by antifoidulus ( 807088 ) on Saturday July 29, 2006 @09:33AM (#15805420) Homepage Journal
    it could lead to surprising porn....
  • by dacap ( 177314 ) on Saturday July 29, 2006 @09:36AM (#15805434) Homepage
    Yes, once again Microsoft S/W Engineers learn that the more public the demo or the more important the audience, the more likely some will go wrong. It's one of Murphy's laws. Been there. Did that. Barely survived.

    Experience is the human quality that enables you to recognize a mistake immediately when you make it again.

  • So? (Score:5, Informative)

    by Klaidas ( 981300 ) on Saturday July 29, 2006 @09:39AM (#15805452)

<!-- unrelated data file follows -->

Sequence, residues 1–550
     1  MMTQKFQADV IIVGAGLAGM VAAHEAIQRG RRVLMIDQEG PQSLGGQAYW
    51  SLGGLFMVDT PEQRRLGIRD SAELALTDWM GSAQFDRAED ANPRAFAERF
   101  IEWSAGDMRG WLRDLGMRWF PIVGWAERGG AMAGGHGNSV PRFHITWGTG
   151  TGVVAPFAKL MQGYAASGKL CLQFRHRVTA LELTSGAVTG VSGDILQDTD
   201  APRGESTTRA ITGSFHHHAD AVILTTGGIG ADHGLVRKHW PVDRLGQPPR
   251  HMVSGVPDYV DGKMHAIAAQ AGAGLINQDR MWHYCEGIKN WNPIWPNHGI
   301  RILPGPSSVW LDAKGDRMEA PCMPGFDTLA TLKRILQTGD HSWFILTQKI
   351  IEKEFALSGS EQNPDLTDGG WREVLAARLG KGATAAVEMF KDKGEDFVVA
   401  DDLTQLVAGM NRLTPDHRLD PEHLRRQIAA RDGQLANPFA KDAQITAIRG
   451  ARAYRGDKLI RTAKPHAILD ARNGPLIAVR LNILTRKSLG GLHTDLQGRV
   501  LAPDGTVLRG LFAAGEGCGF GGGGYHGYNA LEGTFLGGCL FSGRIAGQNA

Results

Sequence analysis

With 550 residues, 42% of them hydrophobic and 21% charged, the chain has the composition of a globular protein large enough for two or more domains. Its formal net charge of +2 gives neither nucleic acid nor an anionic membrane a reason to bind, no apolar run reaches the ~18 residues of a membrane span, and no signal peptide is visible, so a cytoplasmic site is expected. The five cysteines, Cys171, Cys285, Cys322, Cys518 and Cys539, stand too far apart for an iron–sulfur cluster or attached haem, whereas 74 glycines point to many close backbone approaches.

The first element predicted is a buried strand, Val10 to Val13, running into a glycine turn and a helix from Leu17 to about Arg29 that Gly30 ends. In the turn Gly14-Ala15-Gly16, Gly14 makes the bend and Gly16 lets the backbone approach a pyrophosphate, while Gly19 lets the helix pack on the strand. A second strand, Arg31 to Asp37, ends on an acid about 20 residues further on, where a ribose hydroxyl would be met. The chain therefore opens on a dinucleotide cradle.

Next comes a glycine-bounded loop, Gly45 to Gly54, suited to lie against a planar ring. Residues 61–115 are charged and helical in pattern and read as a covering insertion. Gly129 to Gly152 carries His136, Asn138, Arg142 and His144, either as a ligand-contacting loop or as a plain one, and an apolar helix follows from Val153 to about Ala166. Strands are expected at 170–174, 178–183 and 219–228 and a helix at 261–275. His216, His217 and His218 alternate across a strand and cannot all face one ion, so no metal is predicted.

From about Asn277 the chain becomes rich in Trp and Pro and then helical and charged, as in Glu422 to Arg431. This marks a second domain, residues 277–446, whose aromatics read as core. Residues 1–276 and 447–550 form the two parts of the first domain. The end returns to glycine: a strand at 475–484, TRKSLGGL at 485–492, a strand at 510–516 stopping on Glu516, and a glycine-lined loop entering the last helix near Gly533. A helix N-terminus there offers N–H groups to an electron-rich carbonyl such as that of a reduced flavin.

This isn't the first presentation went wrong, isn't it?
    Win98 gone wild: []
    Media Center Edition gone wild []
    We can add this one to the list too ;)
    • The XBox also crashed during its first public demo. Rumour has it that the developers were told that they had to make sure it never blue-screened in public again - and that's why when the XBox crashes you get a green screen of death.
    • Those are painful to watch. As much as I hate MSFT I still feel some empathy for them... Damn, poor gates playing with the remote...

  • Dear aunt (Score:5, Informative)

    by linvir ( 970218 ) * on Saturday July 29, 2006 @09:40AM (#15805453)
    For the flashless. Here's the format:
    Microsoftie says this
    Speech recogniser hears this

    Dear mom
    Dear aunt,
    Fix aunt
    Let's set
    Delete that
    Delete that
    Delete that
    I think it's picking up a little bit of echo here
    Delete... select all
    double the killer delete select all

    Final text: